Microsoft announces plans to invest millions in growing rainforests — here's why

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As deforestation threatens the health of planet Earth, Microsoft is stepping up to help regrow forests in Brazil, the Wall Street Journal reports.

Brazil’s BTG Pactual Timberland Investment Group has partnered with nonprofit Conservation International on a huge reforestation project that aims to plant trees on more than 333,592 acres of farmland in Brazil’s Cerrado savanna.

The project will cost $1 billion, of which Microsoft is funding an undisclosed portion in exchange for 8 million tons of carbon offset credits.

Carbon credits are under intense scrutiny, as some kinds of credits that were previously respected are now considered by many to be worthless.

The point of carbon credits is to prevent or undo carbon pollution, offsetting a company’s polluting activities.

The logic makes sense for activities that actively remove carbon from the atmosphere. But it’s more questionable when buyers receive credits for “protecting” existing forests that might or might not have been destroyed without intervention. The nonprofit Verra, which certifies carbon credits, came under fire recently for backing this dubious type of credit.

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However, there is real merit in projects that protect forests against clear and present threats or projects that plant trees, because trees remove tons of carbon pollution from the air during their life span. That carbon becomes part of the trunk, branches, and leaves — the tree is a tangible, physical repository of the contaminants it has cleaned from the air.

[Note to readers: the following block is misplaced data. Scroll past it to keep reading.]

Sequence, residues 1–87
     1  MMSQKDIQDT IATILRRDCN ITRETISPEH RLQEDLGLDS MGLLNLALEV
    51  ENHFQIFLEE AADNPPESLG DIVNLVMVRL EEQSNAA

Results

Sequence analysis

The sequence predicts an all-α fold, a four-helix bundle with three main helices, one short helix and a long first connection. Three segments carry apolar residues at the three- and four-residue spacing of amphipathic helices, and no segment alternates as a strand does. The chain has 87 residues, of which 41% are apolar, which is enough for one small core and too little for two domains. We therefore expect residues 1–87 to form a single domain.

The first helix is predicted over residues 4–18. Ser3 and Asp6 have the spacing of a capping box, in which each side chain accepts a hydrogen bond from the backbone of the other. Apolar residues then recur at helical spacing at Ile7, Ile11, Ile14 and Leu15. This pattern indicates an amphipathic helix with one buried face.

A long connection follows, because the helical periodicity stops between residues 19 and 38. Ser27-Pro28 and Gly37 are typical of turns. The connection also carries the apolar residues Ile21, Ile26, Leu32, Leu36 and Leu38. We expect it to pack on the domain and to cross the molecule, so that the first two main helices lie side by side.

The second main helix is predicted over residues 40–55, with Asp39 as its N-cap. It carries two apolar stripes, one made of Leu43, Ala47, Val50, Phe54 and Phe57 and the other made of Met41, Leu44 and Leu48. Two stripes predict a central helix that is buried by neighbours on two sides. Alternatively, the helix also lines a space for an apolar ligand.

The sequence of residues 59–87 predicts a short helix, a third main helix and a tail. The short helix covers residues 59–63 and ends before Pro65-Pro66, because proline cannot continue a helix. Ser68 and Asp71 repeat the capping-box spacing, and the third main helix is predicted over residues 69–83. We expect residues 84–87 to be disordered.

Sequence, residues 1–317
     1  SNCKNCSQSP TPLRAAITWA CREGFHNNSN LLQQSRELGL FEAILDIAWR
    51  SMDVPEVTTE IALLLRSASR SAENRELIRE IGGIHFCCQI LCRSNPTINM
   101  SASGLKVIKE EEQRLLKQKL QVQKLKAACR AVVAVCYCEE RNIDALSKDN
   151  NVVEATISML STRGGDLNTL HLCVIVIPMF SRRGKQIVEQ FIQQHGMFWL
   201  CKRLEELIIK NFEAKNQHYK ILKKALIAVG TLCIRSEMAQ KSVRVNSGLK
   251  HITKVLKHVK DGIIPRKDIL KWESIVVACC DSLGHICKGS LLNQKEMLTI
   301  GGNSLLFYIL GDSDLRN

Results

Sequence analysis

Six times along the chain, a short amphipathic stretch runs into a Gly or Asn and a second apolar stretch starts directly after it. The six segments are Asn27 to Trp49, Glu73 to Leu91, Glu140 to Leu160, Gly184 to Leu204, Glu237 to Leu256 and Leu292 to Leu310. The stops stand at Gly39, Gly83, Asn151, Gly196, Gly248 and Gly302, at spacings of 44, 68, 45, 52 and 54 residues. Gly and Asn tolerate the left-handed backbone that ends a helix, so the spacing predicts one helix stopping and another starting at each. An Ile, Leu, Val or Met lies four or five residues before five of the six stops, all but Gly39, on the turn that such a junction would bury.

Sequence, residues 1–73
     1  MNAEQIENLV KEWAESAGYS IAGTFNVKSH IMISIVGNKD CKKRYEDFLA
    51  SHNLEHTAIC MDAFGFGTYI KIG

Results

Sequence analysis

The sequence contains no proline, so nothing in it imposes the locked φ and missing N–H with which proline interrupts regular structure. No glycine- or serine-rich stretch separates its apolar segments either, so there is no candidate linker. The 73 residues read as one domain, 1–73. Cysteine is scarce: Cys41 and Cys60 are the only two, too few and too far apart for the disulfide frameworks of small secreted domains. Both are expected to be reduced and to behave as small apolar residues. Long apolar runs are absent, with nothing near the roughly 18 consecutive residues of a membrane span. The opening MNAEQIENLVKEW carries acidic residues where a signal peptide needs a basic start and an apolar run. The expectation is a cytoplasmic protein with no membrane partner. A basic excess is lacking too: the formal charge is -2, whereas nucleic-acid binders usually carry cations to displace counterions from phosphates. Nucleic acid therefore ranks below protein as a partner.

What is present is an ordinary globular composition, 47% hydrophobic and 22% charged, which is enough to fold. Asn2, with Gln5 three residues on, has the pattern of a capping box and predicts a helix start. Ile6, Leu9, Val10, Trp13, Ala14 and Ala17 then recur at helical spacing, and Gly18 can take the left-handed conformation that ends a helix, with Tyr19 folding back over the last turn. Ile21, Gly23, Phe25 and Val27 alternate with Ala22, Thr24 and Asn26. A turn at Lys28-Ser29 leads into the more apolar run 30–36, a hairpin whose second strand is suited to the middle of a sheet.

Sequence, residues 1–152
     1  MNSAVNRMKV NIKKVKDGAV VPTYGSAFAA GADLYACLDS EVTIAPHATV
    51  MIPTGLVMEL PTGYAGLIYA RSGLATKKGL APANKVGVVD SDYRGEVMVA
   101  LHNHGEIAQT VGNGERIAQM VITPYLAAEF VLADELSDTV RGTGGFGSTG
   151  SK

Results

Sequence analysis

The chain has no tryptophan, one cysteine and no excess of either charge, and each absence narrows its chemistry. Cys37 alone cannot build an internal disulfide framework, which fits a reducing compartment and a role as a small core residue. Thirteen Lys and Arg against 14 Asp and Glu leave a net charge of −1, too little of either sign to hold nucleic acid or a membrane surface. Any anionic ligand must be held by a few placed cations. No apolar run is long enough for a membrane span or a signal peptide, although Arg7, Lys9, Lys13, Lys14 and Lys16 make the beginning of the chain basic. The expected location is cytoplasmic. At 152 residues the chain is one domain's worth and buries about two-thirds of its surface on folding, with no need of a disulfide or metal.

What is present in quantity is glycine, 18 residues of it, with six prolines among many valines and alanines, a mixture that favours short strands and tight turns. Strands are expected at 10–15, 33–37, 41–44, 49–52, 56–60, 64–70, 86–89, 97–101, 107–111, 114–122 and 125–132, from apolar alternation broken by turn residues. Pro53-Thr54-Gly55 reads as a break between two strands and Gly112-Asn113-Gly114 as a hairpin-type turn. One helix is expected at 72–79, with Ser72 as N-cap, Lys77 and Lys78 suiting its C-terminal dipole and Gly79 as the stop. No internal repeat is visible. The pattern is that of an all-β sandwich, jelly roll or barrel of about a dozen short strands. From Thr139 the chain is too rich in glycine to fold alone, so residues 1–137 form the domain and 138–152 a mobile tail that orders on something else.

Trees help provide cleaner air for the world to breathe, while also cooling down the planet by removing heat-trapping gases.

This isn’t the first time Microsoft has invested in planting trees. However, the WSJ reported that this deal is the largest of its kind. And Brazil is the perfect place for it, holding a huge part of the diminishing and endangered Amazon rainforest.

According to the WSJ, there are two parts to the project: Half the land will be used to grow native trees to stay there permanently, and the other half will grow trees to be harvested for timber. The timber is crucial to making the project work financially, and also, providing cultivated wood reduces the need to cut timber from wild forests.

“We carefully considered the role of commercial tree-planting in our decision to pursue this agreement with BTG,” Microsoft said, per the WSJ.

BTG TIG, Conservation International, and Microsoft are just some of the organizations trying to protect and regrow the Amazon. The president of Brazil is also making a huge difference in protecting forests and stopping deforestation.

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